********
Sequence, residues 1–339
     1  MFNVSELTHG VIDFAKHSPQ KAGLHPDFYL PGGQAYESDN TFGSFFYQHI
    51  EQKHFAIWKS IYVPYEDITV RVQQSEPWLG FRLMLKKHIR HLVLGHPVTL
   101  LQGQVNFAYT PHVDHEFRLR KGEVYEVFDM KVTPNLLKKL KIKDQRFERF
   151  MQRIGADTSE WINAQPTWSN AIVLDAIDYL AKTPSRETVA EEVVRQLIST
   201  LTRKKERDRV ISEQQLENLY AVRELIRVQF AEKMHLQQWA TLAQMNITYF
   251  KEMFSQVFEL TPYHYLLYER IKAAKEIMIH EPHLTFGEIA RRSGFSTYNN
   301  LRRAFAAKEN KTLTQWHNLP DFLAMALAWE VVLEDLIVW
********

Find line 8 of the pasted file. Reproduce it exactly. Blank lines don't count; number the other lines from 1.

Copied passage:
   301  LRRAFAAKEN KTLTQWHNLP DFLAMALAWE VVLEDLIVW